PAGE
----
3 . Offering consistency in products and service
You can empower team members to be more empathetic to customers and offer perks every once in a while, but financial services companies still need to offer consistent customer service. In fact, a Salesforce survey shows that 75% of consumers expect a consistent experience and that 73% are likely to switch brands if they don’t receive it.
At Wealthsimple, there’s a strong focus on delivering high-quality, consistent service to clients, according to Katchen. “One of the challenges we face is scaling this service to meet the needs of a fast-growing client base,” he says. “One of the ways we’re doing this is by building more financial advice and other value-adds right into our technology product. The other is by developing really great digital tools for our client-service team, so they have all the information they need at their fingertips to deliver really great service, efficiently.”
Consistency is critical for financial services companies, particularly as more digital banks hit the market and increase competition, says Darroch. “People want a clear product offering that’s understandable, and you need to deliver consistently on that expectation.”
4. Build your omnichannel presence
The same Salesforce survey that emphasized consistency in service also brought to light the importance of consistency across platforms including mobile, social media, online, over the phone, in person, and even chatbots and virtual assistants.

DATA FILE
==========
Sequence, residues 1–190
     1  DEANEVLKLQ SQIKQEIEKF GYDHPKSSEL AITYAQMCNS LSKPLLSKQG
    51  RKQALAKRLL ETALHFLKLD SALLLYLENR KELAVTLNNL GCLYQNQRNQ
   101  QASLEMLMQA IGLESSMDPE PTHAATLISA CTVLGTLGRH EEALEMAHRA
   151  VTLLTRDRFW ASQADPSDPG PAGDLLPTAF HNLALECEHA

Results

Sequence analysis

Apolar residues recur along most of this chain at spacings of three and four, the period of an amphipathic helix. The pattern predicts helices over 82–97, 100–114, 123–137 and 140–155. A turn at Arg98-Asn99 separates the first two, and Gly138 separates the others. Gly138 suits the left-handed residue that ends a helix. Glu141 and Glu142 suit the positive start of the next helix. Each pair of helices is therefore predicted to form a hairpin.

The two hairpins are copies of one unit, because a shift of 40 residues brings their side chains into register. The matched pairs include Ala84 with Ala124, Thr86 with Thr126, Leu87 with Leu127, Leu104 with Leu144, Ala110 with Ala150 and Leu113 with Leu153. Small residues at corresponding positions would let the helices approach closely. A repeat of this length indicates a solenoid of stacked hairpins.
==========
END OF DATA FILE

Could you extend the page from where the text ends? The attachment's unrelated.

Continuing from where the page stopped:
Financial services companies have no choice but to offer transactions through all channels if they want to remain relevant, particularly for more technology-savvy consumers. For many, that means building out their customer service network to include all of the most popular touchpoints.
Customer-experience futurist Morgan points to the example of Fidelity, an investment firm that was challenged by the proliferation of channels that customers wanted to use. Morgan says Fidelity invested in a technology platform that allowed it to provide a unified view of the customer to the agent, as well as a technology platform that allowed for greater flexibility with its video customer service and mobile offerings.
According to Morgan, 90% of Fidelity’s transactions now take place online. “They’ve also made a huge push toward omnichannel in order to serve customers on the channel of their choice,” she says of the brand’s financial customer service.
Omnichannel made easy: Implementation checklist for finance and fintech companies
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5. Take technology to the next level
Technology is constantly evolving and financial services companies need to leverage it to enable the best possible customer experience.
Morgan points to an example at Royal Bank of Scotland, which uses artificial intelligence (AI) to identify customers that may appreciate the offer of financial planning help. “In certain cases, these can be customers who overdraw their bank accounts,” she says. “They are invited to attend a private financial planning session to learn ways to avoid this in the future. This is one of many ways banks can use the latest technology to retain customers.”
Other AI-related technologies, such as virtual assistants, as well as data-driven personalization also improve the customer experience. While consumers are getting pickier about what data they’ll share and how they’ll share it, research shows that many will if it leads to a more personalized experience.
Taking advantage of a captive audience
Given consumers’ reliance on financial services companies for multiple transactions — from borrowing, to saving, to investing their money —companies in this industry have a number of prime opportunities to engage with their customers to keep them coming back. By using an empathetic approach and embracing the latest technology in order to better connect, financial services companies will be prepared to compete with new disruptive firms that enter the market.